However, infectious disease experts find hope in what happened in South Africa.
“Something like a canary in a South African coal mine was able to pick up a variant of Omicron first,” Maldonado said.
South African scientists first discovered this variant in November. The cases there peaked and soon fell. They did the same in the UK. And that’s what professionals think happens everywhere.
Dr. John Swartsburg, an infectious disease and vaccine science expert and professor emeritus at the University of California, Berkeley, said: Faculty of Public Health, University of California, Berkeley. “It will be around mid-February that we will actually see that things are getting better.”
If this spike burns quickly, many experts believe that there may be a “quiet period”.
Swartzberg believes that from March to spring or summer it will be the same as last year and the number of cases will continue to decline. “There is an optimistic view, and then we will be able to do more in our lives,” Swartsburg said. “I think May or June will really look for us. I’m pretty optimistic.”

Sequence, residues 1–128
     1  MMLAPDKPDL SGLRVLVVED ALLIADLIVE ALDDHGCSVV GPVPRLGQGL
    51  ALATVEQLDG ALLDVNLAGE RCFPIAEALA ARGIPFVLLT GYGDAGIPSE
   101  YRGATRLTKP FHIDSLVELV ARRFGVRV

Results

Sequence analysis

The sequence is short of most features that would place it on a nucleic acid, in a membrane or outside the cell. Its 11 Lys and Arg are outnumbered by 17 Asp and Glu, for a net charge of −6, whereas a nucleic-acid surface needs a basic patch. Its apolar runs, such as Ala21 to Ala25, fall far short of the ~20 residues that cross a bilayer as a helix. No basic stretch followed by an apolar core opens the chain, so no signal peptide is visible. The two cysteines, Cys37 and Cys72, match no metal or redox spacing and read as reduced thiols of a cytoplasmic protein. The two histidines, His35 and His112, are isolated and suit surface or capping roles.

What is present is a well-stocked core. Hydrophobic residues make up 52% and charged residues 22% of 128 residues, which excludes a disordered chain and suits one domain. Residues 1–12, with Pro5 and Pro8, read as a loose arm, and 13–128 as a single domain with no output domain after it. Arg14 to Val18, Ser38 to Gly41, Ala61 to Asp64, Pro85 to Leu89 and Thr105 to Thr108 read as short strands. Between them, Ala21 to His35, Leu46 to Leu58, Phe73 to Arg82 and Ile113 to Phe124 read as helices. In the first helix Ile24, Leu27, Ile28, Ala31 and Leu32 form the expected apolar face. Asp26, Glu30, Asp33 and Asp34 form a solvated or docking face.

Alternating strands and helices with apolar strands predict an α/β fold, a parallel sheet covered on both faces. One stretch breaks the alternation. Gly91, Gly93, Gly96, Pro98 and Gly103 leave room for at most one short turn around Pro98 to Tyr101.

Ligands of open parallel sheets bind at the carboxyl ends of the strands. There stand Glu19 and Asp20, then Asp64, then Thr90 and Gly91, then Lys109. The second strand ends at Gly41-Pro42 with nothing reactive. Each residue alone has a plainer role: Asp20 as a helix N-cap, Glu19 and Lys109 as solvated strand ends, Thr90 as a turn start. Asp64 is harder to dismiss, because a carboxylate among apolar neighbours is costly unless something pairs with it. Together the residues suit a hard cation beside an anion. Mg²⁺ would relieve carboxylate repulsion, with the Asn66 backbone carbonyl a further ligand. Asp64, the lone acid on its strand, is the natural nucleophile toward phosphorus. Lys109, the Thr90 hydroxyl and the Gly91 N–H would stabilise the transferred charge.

Part of his optimism is that there is a much larger immune population between the increasing number of people receiving vaccinations and boosts and those who caught COVID-19 during the Omicron surge. It stems from the fact that it does.
“Generally speaking, the immune levels of our population will be much higher than entering the Omicron pandemic. It is not only those if Omicron and Delta are still circulating, but also that. It will help us again. Please help us with the new variants, “Swartzberg said. “How much will it depend on the availability of intervening drugs.”
This is probably because the coronavirus is unlikely to be completely gone.
“I’m completely expecting another version of the virus to come back,” Maldonado said. “These are scenarios that really bring uncertainty to what comes next.”